Q. Going back to Brookline, you're saying in effect that you played, as you did there, because of what went on rather than in spite of what went on? You wouldn't want to be stimulated in that way, again, would you?
COLIN MONTGOMERIE: I don't want that to happen again for anybody, myself or my team, anybody. Even the American team, I wouldn't want that to happen to anybody.
Q. Did you play well because of that, did that fire you up or did you do it in spite of that?
COLIN MONTGOMERIE: A bit of both, really. I wouldn't say because of. I wouldn't say it was in spite of. The more that was said the better I became. Now, you can put that into your own words. But I don't think it was either way, to be honest with you. I feel that the more it happened, the more determined that I became to succeed, to beat it, if you like.
Q. Do you suppose the motivation is greater or different than it may have been at Oak Hill because of the way the Americans won the cup? Whether that would be the whole concerns of Brookline or the fact you were leading 10-6, and they came back and won?
COLIN MONTGOMERIE: I don't understand Oak Hills relevance.
Q. The fact the U.S. had the Cup when you went to Oak Hill, and you were motivated to get it back. Was the motivation now, not just because they have the Cup, but because of the way it was won?
COLIN MONTGOMERIE: Good question. I think not having the Cup I think it would be nice to have it here in Europe. I don't think how that Cup was won last time has any effect on it, really. I mean what happened has been written about so often, but what tends to be forgotten is that the USA team played hell of a well on Sunday, hell of a well. And it tend to be forgotten, if you like, because of scenes later on that day. But people tend to forget that most of their team was well under par on a very difficult day. And I don't think -- I think it would be nice to sort of finish Sam Torrance's career, if you like. It means an awful lot to him. He's a very emotional man, and I know him very well. He's from the same -- not just the same country as me, but the same county as me in Scotland, and I know him very well and I know what it means to him. It would be nice to finish off his career with a win for his sake.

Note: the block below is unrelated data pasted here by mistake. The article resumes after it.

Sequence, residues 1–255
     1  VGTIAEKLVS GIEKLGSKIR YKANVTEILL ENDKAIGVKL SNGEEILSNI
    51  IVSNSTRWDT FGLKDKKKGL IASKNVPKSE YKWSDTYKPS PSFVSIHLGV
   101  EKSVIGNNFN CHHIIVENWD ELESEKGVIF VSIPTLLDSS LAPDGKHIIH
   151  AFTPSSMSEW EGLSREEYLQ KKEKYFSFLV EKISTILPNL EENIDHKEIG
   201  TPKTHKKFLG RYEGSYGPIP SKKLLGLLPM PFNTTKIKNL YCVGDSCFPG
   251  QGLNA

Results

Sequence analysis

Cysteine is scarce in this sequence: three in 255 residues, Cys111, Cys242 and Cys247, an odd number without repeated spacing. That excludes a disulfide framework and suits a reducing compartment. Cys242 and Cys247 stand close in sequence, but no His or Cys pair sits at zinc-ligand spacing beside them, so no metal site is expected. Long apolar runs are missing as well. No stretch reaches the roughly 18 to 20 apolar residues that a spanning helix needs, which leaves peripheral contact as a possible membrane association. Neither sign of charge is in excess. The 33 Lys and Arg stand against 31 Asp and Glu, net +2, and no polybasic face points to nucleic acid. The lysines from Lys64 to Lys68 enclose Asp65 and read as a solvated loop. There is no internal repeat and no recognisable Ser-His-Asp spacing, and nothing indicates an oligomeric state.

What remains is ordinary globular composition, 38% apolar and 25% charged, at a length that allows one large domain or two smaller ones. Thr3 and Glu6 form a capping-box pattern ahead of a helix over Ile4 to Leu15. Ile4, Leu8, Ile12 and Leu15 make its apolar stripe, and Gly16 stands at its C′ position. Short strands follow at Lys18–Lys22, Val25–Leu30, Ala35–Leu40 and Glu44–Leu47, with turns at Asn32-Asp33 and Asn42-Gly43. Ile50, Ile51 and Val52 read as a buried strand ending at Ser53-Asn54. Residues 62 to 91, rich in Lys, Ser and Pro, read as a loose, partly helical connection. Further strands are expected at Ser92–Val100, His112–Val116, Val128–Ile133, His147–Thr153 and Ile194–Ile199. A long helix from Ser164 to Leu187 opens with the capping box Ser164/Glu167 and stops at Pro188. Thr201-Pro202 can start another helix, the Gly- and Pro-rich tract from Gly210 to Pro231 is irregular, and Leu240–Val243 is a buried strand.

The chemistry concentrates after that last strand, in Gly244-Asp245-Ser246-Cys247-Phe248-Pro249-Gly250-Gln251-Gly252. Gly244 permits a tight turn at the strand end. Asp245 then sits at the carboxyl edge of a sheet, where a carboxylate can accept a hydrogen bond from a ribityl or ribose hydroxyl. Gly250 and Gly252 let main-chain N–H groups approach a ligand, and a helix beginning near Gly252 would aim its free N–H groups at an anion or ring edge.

Q. You've talked very well about the actual competing part of it, but could you just describe a little bit what it's like in the period we're in now, the Monday through Friday, wanting to get on with it but not being able to?